London Jazz News – interview with Moses Boyd
London Jazz News
Moses Boyd Interview by Steve Plumb Thursday 6th November 2014
As the EFG London Jazz Festival 2014 fast approaches and in anticipation of the forthcoming Musicians’ Company Extravaganza gig at 229 The Venue on Thursday 20th November, Steve Plumb of Musicians’ Company Jazz interviews the Company’s 2014 Young Jazz Musician Award winner, drummer Moses Boyd.
Steve Plumb Hi Moses, thanks for taking time out from your schedule to bring readers of LJN up to date with what’s happening in your own particular scene. Tell us a little about yourself, your background etc.
Moses Boyd Well, I was brought up in the Lewisham area of South East London and I went to a large comprehensive school in Catford. My parents were not especially musical and I, like so many other young kids in our area, was into skateboarding, football, basketball etc. My brother played a bit of guitar and I dabbled with guitar, piano and saxophone including getting Grade 3 on the euphonium! When I was about thirteen years old, I had my first drum lessons with Bobby Dodsworth who was the peripatetic drum teacher at my school. I continued having lessons with Bobby until I left school.
SP So, was it orchestral percussion technique that Bobby was teaching you?
MB No, not at all! I was learning snare drum stuff as well as general kit playing. But, looking back, Bobby was showing me Tony Williams’ style of playing as well as other jazz masters. But to be honest, a lot of the subtleties of what Bobby was showing me were going over my head. I ‘got’ the technical side, but not the nuances that Tony, Elvin etc. were noted for.
SP So you built on this foundation as you got older?
MB Absolutely; and I still am! However, by the time that I was fourteen years old, I was spending all my school breaks in the music block practising. I was doing no socialising whatsoever! Drums were my priority. But it was not being ‘flashy’ that was important to me. No, even at that age, I was getting into Steve Gadd, Vinnie Collaiuta, even John Bonham! This was serious study. In my mid-teens I started to attend out-of-school projects like the Roundhouse Workshop in Camden and the Weekend Arts Centre in Belsize Park. This exposed me to other young musicians who were playing jazz.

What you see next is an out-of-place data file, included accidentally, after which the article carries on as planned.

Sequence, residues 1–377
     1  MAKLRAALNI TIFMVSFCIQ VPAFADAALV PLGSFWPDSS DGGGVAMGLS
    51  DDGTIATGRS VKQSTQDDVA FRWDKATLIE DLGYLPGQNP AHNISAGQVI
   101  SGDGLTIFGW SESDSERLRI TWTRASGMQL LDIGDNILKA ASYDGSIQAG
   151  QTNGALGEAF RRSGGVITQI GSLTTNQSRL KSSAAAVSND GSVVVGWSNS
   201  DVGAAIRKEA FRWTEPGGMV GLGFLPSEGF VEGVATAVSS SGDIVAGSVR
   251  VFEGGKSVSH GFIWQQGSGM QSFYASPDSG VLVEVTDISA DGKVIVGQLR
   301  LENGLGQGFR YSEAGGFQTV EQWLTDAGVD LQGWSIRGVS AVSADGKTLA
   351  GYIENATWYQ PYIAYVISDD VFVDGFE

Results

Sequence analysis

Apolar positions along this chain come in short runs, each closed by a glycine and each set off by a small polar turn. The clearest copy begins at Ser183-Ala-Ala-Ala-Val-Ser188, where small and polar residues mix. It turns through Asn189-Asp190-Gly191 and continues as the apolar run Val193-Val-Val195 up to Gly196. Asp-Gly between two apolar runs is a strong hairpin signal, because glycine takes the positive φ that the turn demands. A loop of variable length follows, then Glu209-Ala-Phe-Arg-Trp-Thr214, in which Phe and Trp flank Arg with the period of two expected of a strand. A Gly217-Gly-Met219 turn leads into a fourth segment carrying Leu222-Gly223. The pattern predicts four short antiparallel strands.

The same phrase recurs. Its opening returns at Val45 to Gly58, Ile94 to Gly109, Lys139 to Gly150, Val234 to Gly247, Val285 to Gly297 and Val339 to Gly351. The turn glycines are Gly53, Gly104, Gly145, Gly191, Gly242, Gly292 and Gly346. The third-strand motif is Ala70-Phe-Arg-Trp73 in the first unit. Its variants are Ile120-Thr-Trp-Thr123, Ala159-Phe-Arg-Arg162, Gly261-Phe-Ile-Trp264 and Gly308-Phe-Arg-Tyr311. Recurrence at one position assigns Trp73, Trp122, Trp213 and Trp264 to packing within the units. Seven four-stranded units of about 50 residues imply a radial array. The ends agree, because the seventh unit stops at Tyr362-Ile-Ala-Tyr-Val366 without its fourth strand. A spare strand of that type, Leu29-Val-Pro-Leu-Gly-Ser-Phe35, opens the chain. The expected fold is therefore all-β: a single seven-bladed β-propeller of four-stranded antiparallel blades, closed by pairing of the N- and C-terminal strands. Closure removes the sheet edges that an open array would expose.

SP So from school you went on to Trinity to study to degree level?
MB Yes. It was at Trinity that I met pianist Sam James and later, sax player Phil Meadows who I met on the Trinity post-graduate jazz course. Both Sam and Phil were fellow finalists in the Musicians’ Company’s Young Jazz Musician Award.
SP How did you approach the idea of ‘competing’ on the Stand at Pizza Express Dean Street with the other Musicians’ Company finalists?
MB Well, I was honoured to have my name put forward by one of Musicians’ Company Jazz’s nominating panel, fellow drummer Shaney Forbes. I knew that the gig is about presentation, teamwork and not about egos. I also knew that I had to simply ‘be me’. You can’t control an audience; or if you can, that’s not what I, or the gig was all about! I played no differently than I would on any other gig. I guess that the voting audience must have seen something in how I interacted with the others and (so I’m told) supported the whole band.
SP You must be excited to be playing again with the other finalists at the Musicians’ Company Extravaganza. Tell me a little about Exodus which, I guess, is your band.
MB No Steve, it’s not my or anybody’s band per se. It’s my project whereby I, as a sideman, bring some of what’s going on in my life into the public listening sphere.
SP So Exodus is some sort of ‘heavy’ political statement?
MB No, not at all! My use of the title ‘Exodus’ is more related to a journey, a venture or even a pilgrimage. It’s my contribution to the world. It’s an expression of a community’s journey – a creative community of various musicians. I don’t even want my first EP to be a classic “here’s Moses’ first album” (cheers!) with the clichéd launch-gig. No, my new EP is almost like a window into what has been, and will be, happening in my creative life.
SP And Binker?
MB (laughs) Ah, Binker Golding. Yes, he and I have a long-standing musical relationship. Binker plays tenor and soprano saxes and who knows, maybe we will do some duo recordings at some point in the near future. In the meantime, we are doing some good stuff with Zara McFarlane. You had better watch this space Steve!
SP Moses, thanks for your time and for putting me straight on more than one misconception on my part!
MB My pleasure Steve. Get down to 229 The Venue on Thursday 20th November! The EFG London Jazz festival in full swing!